#Article (Archive)

Border closure talks: we want positive results

May 16, 2016, 10:09 AM

Our political decision makers are presently in Dakar, Senegal, talking to find a solution to the Gambia-Senegal border impasse, which has lasted for about four months now.

It is good to talk, but it is better to come up with a fruitful result, which is the hope and prayer of our two peoples, who are really feeling the pinch of this unfortunate situation.

Whilst The Senegalese foreign minister leading the Senegalese delegation has appealed to the two countries to find a lasting solution and respect the agreements they signed in the past, the Gambian Foreign minister has raised the fact that the border closure won’t augur well for both countries, especially as the Ramadan is fast approaching; hence the border should be reopened to help the populations of both nations.

With these words from these senior government officials from both countries, it is really expected that this problem should be solved for good.

This is because the border impasse between The Gambia and Senegal is causing serious harm to the two sister nations and the sub-region by the day and the month, as the people and economies of both nations are gravely affected.

In general, the border closure has seriously affected business in the two nations, particularly hitting hard on people directly surviving on the cross border and transit trade.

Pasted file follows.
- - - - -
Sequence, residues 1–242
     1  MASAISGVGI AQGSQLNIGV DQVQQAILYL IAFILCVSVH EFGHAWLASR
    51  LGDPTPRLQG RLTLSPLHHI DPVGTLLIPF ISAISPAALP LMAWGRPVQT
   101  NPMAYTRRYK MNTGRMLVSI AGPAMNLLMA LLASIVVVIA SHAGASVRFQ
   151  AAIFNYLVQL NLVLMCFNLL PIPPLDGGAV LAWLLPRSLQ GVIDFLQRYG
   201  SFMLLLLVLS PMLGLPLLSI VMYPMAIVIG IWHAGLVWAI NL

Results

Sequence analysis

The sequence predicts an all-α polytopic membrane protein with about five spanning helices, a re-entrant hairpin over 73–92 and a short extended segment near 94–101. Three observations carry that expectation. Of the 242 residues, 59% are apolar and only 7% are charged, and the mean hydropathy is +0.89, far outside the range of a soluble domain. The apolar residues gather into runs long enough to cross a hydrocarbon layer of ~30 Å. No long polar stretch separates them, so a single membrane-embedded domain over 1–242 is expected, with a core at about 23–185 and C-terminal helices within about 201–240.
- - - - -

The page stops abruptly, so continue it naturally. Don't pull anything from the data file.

Whilst the cross border trade is affected, businesses run by Senegalese, Gambians and other nationals across the borders of the two nations are seriously hampered, our economies are also starved of much-needed revenue and the people’s livelihood is thwarted.

So many commercial trucks transiting through neighbouring countries, including The Gambia, Senegal, Guinea Bissau, Guinea Conakry, Mali, Mauritania and others are stuck.

And while business transactions are hindered, the economies of these countries are also deprived of revenues from such activities as the Inter-State Road Transit trade (ISRT) in the region.

Every month our economies are losing millions of Dalasis and FCFA. This does not yield any good growth or development for the two nations, as much as it is also seriously affecting neighbouring countries like Guinea Conakry, Guinea Bissau, Mali, and even Sierra Leone.

We therefore want positive results from the on-going talks in Dakar.

‘‘To Jaw-jaw is better than to war-war!’’

Winston Churchill